Some time ago I described two competing tendencies in the Democratic Party: a populist tendency, most vocally represented by Elizabeth Warren (and now, by outsider Bernie Sanders) and a centrist tendency, probably best exemplified by Bill Clinton.   Populists are appalled at the growth of economic and political inequality in American life and seek to challenge and constrain the business interests that they see as the sources of those trends. Centrists are more comfortable with business power and actively seek support from among the politically more moderate sectors of the business community.   Populists are far more inclined than centrists to point to the various structural factors that enable the wealthy to get their way in the political arena (“the system is rigged”).

Law professor and former Obama administration official Cass Sunstein has just provided  a good illustration of the centrist perspective.   Writing in Bloomberg News, Sunstein takes explicit aim at Warren and Sanders in an article entitled “The System Isn’t Rigged.” His broad argument: “The United States is in a period of extraordinary reform, and many recent changes have been made to help those against whom the system is supposedly rigged.” As examples, he cites Obamacare, tougher regulation of credit card practices and tobacco, and a variety of environmental protection measures.  “A rigged system couldn’t have produced such a range of reforms, many of them aggressively opposed by well-funded private interests.”

So, according to Sunstein, the system isn’t failing us, the problem is political polarization: we are a divided people, and many of the reforms sought by the left just don’t enjoy the broad consensus support needed in our democracy to get things done. Basically, the populists are sore losers: “ …whenever you lose, it’s tempting to blame the system, and concentrated wealth, rather than acknowledge the existence of disagreement and debate.” It’s because of our divisions, rather than rigging, that we don’t have more progressive taxation, a higher minimum wage, infrastructure investments, and a more aggressive response to climate change.

Of course, Sunstein’s argument depends a lot on how you define “rigging.” (He doesn’t define it.) I define it as a heavy skewering of our political processes in favor of the interests of the wealthy, often but not always by deliberate design.  Based on that definition, it is hard to imagine how anyone can comfortably assert the system isn’t rigged. Sunstein’s own examples are full of holes. Just to cite one, progressive taxation: polls show solid majorities of Americans believe rich people don’t pay enough in taxes and would support stiff tax increases on the very wealthy, but no one dreams of raising marginal rates above 40%. Why? The really very simple answer is that rich people—including the relatively enlightened and moderate rich people who donate to Democrats—don’t like onerous taxation.   Polls have also consistently showed popular support for an increased minimum wage and an aggressive program of infrastructure spending. These measure haven’t failed for want of popular support; they have failed because of the disproportionate power of the interests opposed.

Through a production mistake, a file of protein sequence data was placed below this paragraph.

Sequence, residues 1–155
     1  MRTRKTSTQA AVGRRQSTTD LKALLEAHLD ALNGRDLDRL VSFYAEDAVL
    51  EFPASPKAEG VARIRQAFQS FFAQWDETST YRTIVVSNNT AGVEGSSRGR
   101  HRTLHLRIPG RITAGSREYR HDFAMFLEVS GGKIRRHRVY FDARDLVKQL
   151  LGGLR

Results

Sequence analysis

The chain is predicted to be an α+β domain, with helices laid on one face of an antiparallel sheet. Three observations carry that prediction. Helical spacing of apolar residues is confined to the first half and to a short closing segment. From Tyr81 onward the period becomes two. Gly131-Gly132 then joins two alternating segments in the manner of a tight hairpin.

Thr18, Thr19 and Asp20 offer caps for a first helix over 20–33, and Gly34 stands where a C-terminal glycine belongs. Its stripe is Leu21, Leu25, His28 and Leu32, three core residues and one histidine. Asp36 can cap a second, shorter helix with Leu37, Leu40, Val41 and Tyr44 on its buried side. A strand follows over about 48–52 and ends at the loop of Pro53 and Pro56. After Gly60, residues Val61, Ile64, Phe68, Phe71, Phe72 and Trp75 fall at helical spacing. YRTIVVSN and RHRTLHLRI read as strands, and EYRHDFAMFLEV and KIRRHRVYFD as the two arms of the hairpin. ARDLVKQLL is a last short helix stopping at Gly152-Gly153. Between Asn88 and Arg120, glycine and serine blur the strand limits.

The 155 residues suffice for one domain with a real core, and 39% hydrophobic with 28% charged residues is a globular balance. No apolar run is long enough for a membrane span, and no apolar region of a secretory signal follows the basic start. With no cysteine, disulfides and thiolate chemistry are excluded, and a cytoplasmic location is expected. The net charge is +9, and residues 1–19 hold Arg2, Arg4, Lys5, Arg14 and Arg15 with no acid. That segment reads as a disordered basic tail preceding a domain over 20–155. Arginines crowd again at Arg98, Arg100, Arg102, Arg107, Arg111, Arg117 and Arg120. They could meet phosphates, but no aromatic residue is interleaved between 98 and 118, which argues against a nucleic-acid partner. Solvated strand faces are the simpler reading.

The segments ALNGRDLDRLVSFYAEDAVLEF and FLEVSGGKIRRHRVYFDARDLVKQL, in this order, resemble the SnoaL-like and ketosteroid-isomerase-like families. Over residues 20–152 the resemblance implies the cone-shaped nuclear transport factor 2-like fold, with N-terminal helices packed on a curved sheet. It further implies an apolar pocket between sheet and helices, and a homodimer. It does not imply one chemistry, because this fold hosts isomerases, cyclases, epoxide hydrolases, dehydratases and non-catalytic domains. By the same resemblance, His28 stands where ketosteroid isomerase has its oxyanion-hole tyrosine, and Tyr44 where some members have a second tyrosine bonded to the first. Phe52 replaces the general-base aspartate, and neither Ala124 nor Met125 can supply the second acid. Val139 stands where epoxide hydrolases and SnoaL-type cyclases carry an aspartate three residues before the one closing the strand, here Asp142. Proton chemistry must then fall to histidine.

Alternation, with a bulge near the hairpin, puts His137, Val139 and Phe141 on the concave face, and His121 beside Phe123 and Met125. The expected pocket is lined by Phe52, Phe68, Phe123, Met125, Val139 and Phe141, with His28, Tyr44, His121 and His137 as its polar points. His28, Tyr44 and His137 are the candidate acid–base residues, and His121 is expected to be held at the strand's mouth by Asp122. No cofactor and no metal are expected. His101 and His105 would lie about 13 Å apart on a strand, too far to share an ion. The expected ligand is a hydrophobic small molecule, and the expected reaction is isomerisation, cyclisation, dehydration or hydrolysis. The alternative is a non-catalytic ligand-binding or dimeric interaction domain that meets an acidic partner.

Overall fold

Sunstein offers as proof of the fairness of the system a list of worthwhile recently enacted reforms. Hallelujah! But the fact that “well-funded private interests” don’t always get everything they want is hardly evidence of a level playing field. (We may be moving toward plutocracy, but thankfully, we’re not quite there yet.) Take Obamacare, which is certainly a step forward but objectively far inferior to a single-payer system. From the very beginning of the health care debate, polls have consistently shown majority popular support for single payer, but it never came under serious consideration in the administration or Congress.   Obamacare only got through by buying off the powerful interests, especially the insurance industry, whose opposition made single-payer politically impossible.  Not particularly compelling evidence of an unrigged system.

To be fair to Sunstein, he does acknowledge that money plays an intolerably large role in our political system. And he is of course correct that political polarization explains most of the inaction in Washington.   But he fails to note the asymmetrical nature of that polarization, featuring a Republican Party that is now so dominated by its radical right that it is poorly representative of its own voters. Significant percentages of Republican voters polled express support for more progressive taxation, higher minimum wages, infrastructure investments and even single-payer healthcare, but support for these measures is negligible or zero among Congressional Republicans.  The radicalization of the Republican Party–in part the product of the outsized role of right-wing billionaires in the party–is one of the impediments to popular reform that skew the system.

It is comforting to be told that our democratic system is about as good and fair as could be.   It is comforting especially to the already comfortable, who don’t want to hear that major, even radical changes might be called for to realize the promise of American democracy. Sunstein’s message is one of reassurance; it would be more credible if he could express just a little bit of outrage.




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